There has been a slew of openly bizarre, if not outright ridiculously manipulated and fabricated data out of China in the past month - which is to be expected by an authoritarian regime that for much of January arrested anyone who "leaked" the facts about the deadly coronavirus pandemic which Beijing was hoping to cover up until it simply became far too big - but the latest house price "data" may have been the straw that broke the camel's back. Overnight, the National Bureau of Statistics reported that the latest 70-city housing price data showed that in January, the average home price appreciation in the primary market was 0.4% in January, the identical same pace as December, despite tens of millions of Chinese citizens living under quarantine or some form of lock down. Even more
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There has been a slew of openly bizarre, if not outright ridiculously manipulated and fabricated data out of China in the past month - which is to be expected by an authoritarian regime that for much of January arrested anyone who "leaked" the facts about the deadly coronavirus pandemic which Beijing was hoping to cover up until it simply became far too big - but the latest house price "data" may have been the straw that broke the camel's back.
Overnight, the National Bureau of Statistics reported that the latest 70-city housing price data showed that in January, the average home price appreciation in the primary market was 0.4% in January, the identical same pace as December, despite tens of millions of Chinese citizens living under quarantine or some form of lock down. Even more surreal, the number of cities with housing price increases was higher in January - which China's economy ground to a halt ahead of both the Lunar New Year and the subsequent coronavirus chaos - than in December.
Here are the details according to Beijing: Commercial housing prices in the primary market in the 70 cities tracked by China's National Bureau of Statistics (NBS) (weighted by population) rose 0.4% month-over-month in January after seasonal adjustment, same as December. Property price appreciation was faster in tier 1 cities and unchanged in tier 2/3 cities, while price declines narrowed in tier 4 cities.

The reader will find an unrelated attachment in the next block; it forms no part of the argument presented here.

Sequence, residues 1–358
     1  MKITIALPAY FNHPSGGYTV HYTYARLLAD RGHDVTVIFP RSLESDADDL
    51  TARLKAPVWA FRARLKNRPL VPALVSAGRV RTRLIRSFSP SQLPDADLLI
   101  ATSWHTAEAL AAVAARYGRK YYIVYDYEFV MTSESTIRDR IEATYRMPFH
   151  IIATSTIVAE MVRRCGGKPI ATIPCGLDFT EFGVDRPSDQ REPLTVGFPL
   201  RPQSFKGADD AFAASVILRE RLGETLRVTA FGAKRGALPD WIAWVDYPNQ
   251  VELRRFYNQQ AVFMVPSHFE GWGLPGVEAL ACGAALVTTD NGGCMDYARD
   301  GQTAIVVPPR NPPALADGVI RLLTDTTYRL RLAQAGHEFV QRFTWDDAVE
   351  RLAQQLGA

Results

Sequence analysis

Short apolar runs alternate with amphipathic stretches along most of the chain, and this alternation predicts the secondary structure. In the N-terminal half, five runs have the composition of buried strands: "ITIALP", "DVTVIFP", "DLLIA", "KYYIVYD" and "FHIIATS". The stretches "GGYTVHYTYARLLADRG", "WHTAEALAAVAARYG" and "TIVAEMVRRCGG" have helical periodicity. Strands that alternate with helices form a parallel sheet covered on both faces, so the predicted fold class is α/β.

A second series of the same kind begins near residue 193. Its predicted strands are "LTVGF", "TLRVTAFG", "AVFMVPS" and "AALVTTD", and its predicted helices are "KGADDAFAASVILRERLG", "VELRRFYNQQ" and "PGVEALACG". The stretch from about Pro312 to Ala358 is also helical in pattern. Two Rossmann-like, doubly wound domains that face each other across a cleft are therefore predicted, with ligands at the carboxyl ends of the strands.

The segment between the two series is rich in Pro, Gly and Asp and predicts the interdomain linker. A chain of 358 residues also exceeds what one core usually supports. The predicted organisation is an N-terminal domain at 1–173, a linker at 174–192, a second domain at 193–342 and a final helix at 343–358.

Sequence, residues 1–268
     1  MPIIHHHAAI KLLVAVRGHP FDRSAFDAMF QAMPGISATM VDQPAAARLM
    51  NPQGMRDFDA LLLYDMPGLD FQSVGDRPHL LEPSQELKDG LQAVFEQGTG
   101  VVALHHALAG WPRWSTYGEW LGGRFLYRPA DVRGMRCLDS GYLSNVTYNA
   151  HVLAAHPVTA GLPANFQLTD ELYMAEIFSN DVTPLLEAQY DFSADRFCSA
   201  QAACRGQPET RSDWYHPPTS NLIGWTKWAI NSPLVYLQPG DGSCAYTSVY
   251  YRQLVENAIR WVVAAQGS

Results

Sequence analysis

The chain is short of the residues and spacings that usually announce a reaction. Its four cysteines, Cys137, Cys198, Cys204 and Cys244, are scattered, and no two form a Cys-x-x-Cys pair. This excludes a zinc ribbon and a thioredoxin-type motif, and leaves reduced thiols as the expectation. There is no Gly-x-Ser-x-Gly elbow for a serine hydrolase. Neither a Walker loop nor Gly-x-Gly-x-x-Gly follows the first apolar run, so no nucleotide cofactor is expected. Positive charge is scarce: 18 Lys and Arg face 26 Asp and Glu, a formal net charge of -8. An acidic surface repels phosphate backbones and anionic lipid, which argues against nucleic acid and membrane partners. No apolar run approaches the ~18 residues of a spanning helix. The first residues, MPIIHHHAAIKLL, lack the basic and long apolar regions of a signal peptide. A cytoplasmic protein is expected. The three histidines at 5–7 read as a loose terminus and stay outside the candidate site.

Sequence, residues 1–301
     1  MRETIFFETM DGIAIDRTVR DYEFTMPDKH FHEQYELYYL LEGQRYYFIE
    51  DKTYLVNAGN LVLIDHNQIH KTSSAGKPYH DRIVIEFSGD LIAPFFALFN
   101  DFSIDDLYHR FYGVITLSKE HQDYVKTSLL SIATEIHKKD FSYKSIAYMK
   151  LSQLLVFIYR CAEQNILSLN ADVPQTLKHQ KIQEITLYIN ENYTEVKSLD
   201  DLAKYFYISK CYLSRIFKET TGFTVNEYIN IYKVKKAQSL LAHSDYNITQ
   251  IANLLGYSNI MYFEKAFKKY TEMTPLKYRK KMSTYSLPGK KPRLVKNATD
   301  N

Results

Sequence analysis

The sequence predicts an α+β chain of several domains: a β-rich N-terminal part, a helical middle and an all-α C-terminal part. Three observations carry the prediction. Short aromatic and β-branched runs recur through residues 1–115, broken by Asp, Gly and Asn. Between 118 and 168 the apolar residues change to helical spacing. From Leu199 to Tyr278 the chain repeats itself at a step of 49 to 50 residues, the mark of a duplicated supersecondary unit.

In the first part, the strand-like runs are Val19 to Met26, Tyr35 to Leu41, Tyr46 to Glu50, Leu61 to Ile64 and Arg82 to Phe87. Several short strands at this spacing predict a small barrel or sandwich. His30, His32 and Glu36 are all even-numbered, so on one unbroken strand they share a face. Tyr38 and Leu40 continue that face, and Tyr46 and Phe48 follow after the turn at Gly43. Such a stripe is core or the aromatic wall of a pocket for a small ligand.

It gets better: out of the 70 cities monitored, 60 cities saw seasonally adjusted housing prices increase in January (53 cities saw price increase in December last year.) On a year-over-year, population-weighted basis, in the primary market, housing price appreciation was 6.2% in January in the 70 cities, slower than 6.5% in December.
That, in a nutshell, is the official version.
Meanwhile, in the real world outside of Beijing's excel spreadsheets and goalseek models (as a reminder, and as we wrote three years ago, "the Fate Of The World Economy Is In The Hands Of China's Housing Bubble", as the bulk of China's net worth is not in the financial market but in real estate), China's biggest property developer Evergrande Group announced on Sunday that amid tumbling demand, it would launch "great incentives" to lure domestic consumers via online subscriptions starting Tuesday, a "self-rescue" promotion which analysts said would help shore up the sluggish domestic housing market in February amid the novel coronavirus outbreak.
Paradoxically, even as Beijing reports a sequential increase in home prices, Evergrande will offer a 25 percent discount for consumers who purchase housing units, including apartments and office buildings, from Tuesday to February 29. The discounts will continue and be adjusted to 22% off from March 1 to 31.
Putting the move in context, "it will be the largest incentives the firm has offered in its business history, Liu Xuefei, vice president in charge of sales with Evergrande, told an online meeting on Sunday", according to the Global Times.
But why offer the biggest incentive in firm history if the housing market is firing on all cylinders as China's NBS reported, even as tens of millions of people are threatened with arrest if they so much as exit their apartments?